hidden europe 28

At the train station: Yiddish travel writing

by Nicky Gardner

Picture above: Yekaterinburg’s old railway station, a symbol of tsarist authority (photo © Alexander Shingarev / dreamstime.com).


Jewish passengers travelled hard class on the railways of eastern Europe one hundred years ago, enjoying none of the comforts of soft sleeping cars, but creating in the Russian train a very Jewish space - a perfect setting for Yiddish story telling.

When the tsars sponsored the development of Russia’s great railways, the iron roads of authority that crisscrossed the empire and pushed ever further into the wilderness, they had Russian interests in mind. Mikhail Reutern, who had a long stint as Minister of Finance in the eighteen sixties and seventies, was a passionate imperialist and technophile who understood the importance of the train. He wrote to Tsar Alexander II advising that "without railways, Russia cannot be secure within her borders." Yet once the trains were running, what was to stop non-Russians climbing aboard, and diluting the imperial venture? The Jewish communities of Russian Poland and western Russia appropriated the railway into their own culture and consciousness, and some of the most evocative Yiddish travel writing of the late nineteenth and early twentieth centuries focuses on trains and railway stations.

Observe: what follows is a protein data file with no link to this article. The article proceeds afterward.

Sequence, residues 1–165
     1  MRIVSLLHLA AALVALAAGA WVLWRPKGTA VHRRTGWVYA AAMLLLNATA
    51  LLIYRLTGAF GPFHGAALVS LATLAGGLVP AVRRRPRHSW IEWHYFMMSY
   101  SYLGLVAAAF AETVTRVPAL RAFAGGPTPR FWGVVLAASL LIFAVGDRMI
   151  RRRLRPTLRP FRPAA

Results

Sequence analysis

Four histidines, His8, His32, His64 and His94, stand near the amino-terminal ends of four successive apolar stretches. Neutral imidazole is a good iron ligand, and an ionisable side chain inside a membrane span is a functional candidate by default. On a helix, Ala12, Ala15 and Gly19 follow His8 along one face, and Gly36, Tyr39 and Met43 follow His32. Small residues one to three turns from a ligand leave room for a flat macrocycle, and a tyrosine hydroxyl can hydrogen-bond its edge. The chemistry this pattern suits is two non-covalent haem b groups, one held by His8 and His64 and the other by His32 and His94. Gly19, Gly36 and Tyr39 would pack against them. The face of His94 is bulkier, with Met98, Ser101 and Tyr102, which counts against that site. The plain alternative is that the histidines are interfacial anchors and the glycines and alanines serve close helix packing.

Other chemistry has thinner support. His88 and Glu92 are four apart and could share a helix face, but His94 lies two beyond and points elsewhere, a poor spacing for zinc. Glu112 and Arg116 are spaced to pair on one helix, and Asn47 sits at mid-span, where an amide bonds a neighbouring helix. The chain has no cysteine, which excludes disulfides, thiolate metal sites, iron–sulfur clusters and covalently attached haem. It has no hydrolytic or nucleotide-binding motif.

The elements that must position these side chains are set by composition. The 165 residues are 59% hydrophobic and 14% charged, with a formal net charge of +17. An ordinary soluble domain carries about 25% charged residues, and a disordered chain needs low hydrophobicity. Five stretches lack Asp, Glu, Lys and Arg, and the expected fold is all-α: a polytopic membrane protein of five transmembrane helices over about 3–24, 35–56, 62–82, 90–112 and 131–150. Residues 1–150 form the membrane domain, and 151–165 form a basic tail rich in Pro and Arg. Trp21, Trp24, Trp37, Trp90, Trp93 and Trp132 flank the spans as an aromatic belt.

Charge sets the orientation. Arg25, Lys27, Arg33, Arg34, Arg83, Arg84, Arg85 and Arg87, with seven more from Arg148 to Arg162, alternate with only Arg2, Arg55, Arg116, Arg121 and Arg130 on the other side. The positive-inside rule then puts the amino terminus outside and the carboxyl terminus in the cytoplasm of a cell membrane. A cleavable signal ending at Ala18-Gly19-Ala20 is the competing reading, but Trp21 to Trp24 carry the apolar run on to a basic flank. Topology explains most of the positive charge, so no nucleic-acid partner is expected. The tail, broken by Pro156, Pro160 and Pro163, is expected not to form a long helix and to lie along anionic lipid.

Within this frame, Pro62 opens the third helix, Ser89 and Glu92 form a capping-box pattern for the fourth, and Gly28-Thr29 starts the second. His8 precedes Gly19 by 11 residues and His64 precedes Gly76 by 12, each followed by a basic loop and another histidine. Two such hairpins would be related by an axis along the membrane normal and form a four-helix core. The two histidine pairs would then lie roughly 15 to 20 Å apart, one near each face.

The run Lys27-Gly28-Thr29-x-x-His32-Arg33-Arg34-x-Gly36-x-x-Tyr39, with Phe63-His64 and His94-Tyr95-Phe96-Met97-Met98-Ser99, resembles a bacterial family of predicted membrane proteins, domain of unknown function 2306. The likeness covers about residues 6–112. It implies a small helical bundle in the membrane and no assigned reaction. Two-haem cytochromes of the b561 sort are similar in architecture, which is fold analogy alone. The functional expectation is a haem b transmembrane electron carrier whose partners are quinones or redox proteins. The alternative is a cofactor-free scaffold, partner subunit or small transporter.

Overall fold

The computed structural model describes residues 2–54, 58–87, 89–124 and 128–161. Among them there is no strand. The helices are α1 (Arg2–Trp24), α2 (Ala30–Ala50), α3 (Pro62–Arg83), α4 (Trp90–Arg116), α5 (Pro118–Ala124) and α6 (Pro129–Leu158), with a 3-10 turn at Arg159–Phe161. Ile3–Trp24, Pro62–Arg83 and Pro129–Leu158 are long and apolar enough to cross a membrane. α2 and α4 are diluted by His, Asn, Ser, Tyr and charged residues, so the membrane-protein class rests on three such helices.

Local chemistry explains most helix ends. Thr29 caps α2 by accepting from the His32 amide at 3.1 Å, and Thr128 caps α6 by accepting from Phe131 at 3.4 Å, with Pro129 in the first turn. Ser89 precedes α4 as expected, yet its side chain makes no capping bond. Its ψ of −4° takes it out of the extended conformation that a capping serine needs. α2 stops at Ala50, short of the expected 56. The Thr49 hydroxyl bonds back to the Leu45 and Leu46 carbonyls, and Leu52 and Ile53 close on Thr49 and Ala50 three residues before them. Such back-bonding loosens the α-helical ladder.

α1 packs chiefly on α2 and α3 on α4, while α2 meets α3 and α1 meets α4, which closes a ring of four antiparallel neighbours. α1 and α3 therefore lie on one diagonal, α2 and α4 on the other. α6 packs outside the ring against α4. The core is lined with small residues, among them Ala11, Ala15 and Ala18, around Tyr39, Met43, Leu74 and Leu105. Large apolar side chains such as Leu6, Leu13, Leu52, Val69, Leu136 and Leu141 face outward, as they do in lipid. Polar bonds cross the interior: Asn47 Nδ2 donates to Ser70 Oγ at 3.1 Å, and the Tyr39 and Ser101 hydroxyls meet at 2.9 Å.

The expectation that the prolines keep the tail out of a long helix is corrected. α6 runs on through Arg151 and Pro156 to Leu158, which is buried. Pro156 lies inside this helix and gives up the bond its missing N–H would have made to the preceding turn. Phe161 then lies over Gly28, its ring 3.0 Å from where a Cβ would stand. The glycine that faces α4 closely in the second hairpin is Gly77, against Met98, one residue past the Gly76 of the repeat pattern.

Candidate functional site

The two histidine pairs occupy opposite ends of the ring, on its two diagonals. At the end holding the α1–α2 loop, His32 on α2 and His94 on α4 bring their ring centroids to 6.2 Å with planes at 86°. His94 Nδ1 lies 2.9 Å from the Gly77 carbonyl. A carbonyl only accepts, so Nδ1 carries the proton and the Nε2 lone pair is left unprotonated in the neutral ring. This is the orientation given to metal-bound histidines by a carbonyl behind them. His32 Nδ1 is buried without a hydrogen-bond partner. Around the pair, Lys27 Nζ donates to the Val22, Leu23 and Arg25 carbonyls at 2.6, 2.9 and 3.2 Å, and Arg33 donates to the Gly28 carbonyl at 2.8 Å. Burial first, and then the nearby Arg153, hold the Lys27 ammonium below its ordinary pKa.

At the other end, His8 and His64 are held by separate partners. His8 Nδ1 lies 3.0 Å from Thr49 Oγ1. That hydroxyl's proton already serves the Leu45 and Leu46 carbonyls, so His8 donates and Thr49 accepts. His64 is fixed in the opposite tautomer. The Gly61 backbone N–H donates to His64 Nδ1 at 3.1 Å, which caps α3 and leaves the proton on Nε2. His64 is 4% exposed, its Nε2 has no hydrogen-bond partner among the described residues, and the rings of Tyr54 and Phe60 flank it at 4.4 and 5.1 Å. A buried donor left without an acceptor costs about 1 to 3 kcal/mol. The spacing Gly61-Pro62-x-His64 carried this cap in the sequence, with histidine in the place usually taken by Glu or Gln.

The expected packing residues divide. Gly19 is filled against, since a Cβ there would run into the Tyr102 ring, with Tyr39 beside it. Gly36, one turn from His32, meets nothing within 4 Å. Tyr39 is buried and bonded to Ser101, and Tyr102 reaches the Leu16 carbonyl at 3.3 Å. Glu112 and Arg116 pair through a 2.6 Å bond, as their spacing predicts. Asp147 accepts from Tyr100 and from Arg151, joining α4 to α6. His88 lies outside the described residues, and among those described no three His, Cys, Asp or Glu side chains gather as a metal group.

This year marks the centenary of the publication of one of the finest Yiddish novellas. Arum voksal ('Around the Train Station') by David Bergelson is an exemplary piece of railway travel writing.

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